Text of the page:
Stimulus money coming soon, say cleantech investors

Cleantech entrepreneurs and investors, whose optimism has been tempered this past year by the financial crisis and an absence of lucrative exits, can expect a near-term boost for the sector as the federal government steps up the pace of energy-focused stimulus funding.

Though a sizeable chunk of the federal government’s $787 billion stimulus package is targeted to energy sector projects, little has been allocated to date.

Over the next two to three years, however, panelists at last week’s Financing the Cleantech Vision conference in Palo Alto, Calif., said they’re expecting to see upwards of $200 billion going into the space.

Ventures focused on renewable energy and energy efficiency will soon start seeing more of that money soon, said panelists at the conference, which was hosted by Venture Capital Journal, an affiliated publication to PE Week.

“If you think you missed the stimulus, it’s not over. It’s only just beginning,” said John Mizroch, an advisor to Wilson Sonsini Goodrich & Rosati and former Acting Assistant Secretary at the U.S. Department of Energy’s Office of Energy Efficiency and Renewable Energy. “This administration wants to fundamentally change the energy infrastructure in the U.S.”

Big bucks are available for startups in several cleantech sectors, including smart grid technology, which is slated to receive $11 billion in federal funding; energy efficiency for federal buildings, which was allocated $4.5 billion; and wind and solar, which received $6 billion for new loan guarantees.

But while there’s immediate opportunity for money, Mizroch and other speakers noted that in order to get it, entrepreneurs and venture capital investors can expect to deal with plenty of government red tape. That’s causing many firms to reconsider how they work with the Washington, D.C., establishment.

“If they feel they have a technology or business plan that is harmonious with what’s in the stimulus bill, we’ve recommended that our portfolio companies get Washington representation,” said Chuck McDermott, general partner at Rockport Capital, a cleantech venture investor with offices in Boston and Menlo Park, Calif.

Certainly there have been signs that federal cleantech taps are opening up. The Department of Energy’s first $535 million loan guarantee went to venture-backed, Fremont, Calif.-based Solyndra, which plans to use the money expand its photovoltaic manufacturing capacity. A large portion of funding will also be coming from state agencies, especially for weatherization and energy efficiency-related projects, said Mark Kalpin, co-chair of the emerging energy technology group at WilmerHale.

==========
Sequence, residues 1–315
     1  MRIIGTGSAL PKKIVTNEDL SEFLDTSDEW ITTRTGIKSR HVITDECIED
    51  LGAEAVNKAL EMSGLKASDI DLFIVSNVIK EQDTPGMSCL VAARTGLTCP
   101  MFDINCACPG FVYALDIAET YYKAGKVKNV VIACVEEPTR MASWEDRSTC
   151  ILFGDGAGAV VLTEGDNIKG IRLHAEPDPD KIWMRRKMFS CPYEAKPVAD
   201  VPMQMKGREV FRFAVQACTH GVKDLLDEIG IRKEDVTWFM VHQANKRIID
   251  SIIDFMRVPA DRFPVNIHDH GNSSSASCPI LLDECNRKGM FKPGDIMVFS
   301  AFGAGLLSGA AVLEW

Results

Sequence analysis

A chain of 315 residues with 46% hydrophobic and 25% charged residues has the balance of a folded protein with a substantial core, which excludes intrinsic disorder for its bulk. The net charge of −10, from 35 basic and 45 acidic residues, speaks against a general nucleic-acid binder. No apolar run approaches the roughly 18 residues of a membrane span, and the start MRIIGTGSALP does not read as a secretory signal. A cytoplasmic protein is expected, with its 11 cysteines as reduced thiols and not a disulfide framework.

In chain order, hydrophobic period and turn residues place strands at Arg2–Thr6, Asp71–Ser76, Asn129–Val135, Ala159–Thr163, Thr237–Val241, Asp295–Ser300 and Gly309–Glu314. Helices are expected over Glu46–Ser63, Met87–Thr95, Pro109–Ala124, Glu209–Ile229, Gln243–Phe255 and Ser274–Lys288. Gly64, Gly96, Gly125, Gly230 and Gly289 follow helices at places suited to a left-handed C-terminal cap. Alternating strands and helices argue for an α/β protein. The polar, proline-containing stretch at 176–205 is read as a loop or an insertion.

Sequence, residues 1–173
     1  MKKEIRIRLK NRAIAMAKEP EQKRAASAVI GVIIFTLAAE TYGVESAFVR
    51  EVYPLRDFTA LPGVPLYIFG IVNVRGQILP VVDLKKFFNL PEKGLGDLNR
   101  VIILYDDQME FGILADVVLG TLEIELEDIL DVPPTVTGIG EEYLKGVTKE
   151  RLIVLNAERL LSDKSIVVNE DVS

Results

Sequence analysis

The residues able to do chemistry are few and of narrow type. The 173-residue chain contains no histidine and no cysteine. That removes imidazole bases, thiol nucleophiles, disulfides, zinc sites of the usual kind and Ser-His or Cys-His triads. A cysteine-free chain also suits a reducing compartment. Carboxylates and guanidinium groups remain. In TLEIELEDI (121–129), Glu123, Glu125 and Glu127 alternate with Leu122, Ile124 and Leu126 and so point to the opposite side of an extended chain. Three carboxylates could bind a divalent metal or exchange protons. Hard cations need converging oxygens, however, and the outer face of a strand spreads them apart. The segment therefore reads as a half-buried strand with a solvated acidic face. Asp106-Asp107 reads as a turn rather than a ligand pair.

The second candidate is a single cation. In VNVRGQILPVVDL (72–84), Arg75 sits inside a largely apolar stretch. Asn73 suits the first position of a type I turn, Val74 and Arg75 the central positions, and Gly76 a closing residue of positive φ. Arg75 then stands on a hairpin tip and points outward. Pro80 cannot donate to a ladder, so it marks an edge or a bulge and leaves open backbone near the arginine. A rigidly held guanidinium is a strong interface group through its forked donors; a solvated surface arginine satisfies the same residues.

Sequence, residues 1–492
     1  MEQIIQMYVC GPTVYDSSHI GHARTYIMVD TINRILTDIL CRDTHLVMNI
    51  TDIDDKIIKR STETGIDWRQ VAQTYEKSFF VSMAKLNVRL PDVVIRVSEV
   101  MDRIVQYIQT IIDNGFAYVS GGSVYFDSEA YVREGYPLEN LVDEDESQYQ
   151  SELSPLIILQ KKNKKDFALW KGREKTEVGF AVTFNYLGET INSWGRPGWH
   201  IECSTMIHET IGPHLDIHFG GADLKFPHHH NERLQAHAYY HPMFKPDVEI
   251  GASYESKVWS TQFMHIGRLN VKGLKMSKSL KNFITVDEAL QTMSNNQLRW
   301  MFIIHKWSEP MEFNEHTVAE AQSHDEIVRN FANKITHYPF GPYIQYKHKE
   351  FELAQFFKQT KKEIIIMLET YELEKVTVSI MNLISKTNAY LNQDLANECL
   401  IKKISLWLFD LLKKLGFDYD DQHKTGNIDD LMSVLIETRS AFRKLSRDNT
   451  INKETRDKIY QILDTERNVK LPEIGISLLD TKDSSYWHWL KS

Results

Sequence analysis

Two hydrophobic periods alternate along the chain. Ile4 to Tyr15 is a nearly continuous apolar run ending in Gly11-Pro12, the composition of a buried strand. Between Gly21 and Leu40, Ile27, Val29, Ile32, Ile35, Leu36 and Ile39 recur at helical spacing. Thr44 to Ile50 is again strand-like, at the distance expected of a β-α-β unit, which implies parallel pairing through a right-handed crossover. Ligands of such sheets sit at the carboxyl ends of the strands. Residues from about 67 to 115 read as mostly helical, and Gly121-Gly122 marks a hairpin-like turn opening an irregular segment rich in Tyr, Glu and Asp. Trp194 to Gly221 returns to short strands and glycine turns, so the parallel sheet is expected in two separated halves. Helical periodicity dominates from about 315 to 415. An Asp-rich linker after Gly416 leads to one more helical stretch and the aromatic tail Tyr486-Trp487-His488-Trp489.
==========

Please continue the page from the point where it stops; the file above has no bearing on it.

But panelists noted that revising regulations may be just as or more important than funding in paving the way for certain technologies to take off. That’s particularly true for smart grid applications, said McDermott, who noted that the issue of upgrading the electrical grid gained substantial traction during the presidential election last year.

Smart grid technology also received $11 billion under the February stimulus bill, though McDermott questioned how effective it will be on its own.

“The biggest thing that is going to unlock the potential of the smart grid is regulatory reform,” he said. “It’s a hairball that has to be unwound.”

Kevin Skillern, managing director at GE Energy Financial Services, said he sees increased government support as one of the positive factors underpinning a broader outlook for the cleantech sector that he describes as cautiously optimistic.

In addition to more government funding, Skillern said that other positive factors for cleantech include a slow return of the IPO market, more realistic valuations, growth in the “BRIC” economies of Brazil, Russia, India and China, and the expectation that shakeout in some overcrowded sub-sector will thin out the playing field.

But Skillern also pointed to several reasons for caution. One is that the economics of renewables is threatened by lower natural gas prices and higher capital costs. Other concerns he cited were constraints on capital expenditures due to the economic slowdown and greater obstacles in raising project finance in the wake of the credit crisis.